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COLLECTIONPublished articles
TITLEAfricanity, Womanism, and Constructive Resilience: Some Reflections
AUTHOR 1Layli Maparyan
TITLE_PARENTJournal of Bahá'í Studies
PUB_THISAssociation for Bahá'í Studies North America
ABSTRACTThe meanings of the metaphor "pupil of the eye;" experiences of growing up African-American in the West; overcoming cosmological negation; the African worldview on nature, humanity, and creation; gendered expressions of African culture.
NOTES Mirrored from See also complete issue [PDF].
TAGSAfrica; African Americans; Arts; Cultural diversity; Equality; Ethics; Gender; Imperialism/colonialism; Liberation; Oppression; Pupil of the eye (metaphor); Race; Racism; Resilience; Slavery; Tests and difficulties; United States (documents); Women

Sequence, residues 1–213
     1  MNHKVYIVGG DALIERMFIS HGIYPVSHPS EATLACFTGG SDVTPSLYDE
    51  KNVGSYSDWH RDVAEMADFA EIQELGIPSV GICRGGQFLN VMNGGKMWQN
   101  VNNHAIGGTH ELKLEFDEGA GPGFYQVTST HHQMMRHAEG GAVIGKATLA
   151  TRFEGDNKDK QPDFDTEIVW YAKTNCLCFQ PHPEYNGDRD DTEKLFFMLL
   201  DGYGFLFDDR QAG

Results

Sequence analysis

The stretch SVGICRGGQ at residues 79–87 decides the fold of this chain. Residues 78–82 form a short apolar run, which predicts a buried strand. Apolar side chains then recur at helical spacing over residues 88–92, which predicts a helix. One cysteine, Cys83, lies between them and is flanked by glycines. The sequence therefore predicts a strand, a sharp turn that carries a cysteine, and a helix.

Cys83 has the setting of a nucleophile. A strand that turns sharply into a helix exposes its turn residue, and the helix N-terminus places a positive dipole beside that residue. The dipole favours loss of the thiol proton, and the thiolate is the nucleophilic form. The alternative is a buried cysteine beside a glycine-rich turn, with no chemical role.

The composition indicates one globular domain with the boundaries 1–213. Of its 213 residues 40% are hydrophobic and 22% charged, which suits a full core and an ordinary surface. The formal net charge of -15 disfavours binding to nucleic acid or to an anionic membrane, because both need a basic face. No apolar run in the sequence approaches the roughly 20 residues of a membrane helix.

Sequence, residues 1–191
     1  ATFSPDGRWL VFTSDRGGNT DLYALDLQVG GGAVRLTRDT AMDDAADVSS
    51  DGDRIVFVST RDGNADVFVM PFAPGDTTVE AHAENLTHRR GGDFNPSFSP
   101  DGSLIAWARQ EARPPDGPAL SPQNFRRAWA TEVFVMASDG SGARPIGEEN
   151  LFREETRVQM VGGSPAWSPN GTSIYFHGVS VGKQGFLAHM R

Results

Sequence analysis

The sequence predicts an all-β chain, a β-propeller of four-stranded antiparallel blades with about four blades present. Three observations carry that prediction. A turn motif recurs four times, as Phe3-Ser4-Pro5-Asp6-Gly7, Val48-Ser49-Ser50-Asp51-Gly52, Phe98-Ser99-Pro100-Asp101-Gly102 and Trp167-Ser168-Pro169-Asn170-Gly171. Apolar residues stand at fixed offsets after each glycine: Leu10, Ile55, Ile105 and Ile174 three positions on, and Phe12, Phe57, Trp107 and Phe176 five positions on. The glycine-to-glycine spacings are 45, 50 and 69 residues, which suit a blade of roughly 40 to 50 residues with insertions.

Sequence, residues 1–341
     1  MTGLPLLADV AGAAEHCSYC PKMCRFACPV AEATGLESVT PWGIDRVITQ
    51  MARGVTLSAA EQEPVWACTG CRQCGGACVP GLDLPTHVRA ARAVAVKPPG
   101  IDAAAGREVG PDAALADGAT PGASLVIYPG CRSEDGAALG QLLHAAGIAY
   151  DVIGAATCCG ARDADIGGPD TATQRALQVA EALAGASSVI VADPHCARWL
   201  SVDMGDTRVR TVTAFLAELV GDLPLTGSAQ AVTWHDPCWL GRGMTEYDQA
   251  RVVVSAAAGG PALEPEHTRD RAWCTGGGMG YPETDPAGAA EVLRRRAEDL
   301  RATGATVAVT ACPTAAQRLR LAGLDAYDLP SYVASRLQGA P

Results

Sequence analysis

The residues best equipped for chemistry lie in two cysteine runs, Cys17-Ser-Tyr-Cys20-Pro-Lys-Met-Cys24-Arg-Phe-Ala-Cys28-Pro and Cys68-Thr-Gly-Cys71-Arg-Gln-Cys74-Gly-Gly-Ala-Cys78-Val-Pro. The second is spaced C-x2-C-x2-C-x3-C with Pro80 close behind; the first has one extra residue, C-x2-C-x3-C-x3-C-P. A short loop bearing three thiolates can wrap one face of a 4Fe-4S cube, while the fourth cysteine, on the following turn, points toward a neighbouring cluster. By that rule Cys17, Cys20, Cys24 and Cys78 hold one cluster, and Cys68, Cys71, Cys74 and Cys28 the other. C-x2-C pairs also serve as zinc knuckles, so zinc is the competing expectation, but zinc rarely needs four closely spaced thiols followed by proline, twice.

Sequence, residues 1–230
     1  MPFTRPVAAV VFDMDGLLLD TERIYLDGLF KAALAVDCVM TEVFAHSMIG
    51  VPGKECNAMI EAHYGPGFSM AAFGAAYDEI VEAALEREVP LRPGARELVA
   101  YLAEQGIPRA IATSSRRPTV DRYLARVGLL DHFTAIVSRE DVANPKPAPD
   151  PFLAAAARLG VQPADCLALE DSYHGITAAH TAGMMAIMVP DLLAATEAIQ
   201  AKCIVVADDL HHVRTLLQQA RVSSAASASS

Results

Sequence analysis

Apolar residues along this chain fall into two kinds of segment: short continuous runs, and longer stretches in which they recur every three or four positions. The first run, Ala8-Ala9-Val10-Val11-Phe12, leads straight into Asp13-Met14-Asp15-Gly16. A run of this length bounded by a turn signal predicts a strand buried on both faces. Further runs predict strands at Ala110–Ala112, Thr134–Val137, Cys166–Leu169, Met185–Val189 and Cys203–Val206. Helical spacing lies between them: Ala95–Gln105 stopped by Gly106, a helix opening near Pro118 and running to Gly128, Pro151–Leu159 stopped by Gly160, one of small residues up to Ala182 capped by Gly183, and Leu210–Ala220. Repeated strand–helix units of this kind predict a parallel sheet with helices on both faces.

About: According to the Bahá’í Writings, the Black people of the world can be compared to the pupil of the eye, through which “the light of the spirit shineth forth.” We are “dark in countenance,” yet “bright in character,” potentially the “fount of light and the revealer of the contingent world” (‘Abdu’l-Bahá, Selections 78:1). According to ‘Abdu’l-Bahá, “the blackness of the pupil of the eye is due to its absorbing the rays of the sun” (Some Answered Questions 49:5). Shoghi Effendi, quoting ‘Abdu’l-Bahá, recalls that "Bahá’u’lláh once compared the colored [Black] people to the black pupil of the eye surrounded by the white,” and “[i]n this black pupil is seen the reflection of that which is before it and, through it, the light of the spirit shineth forth.” (Advent 37)
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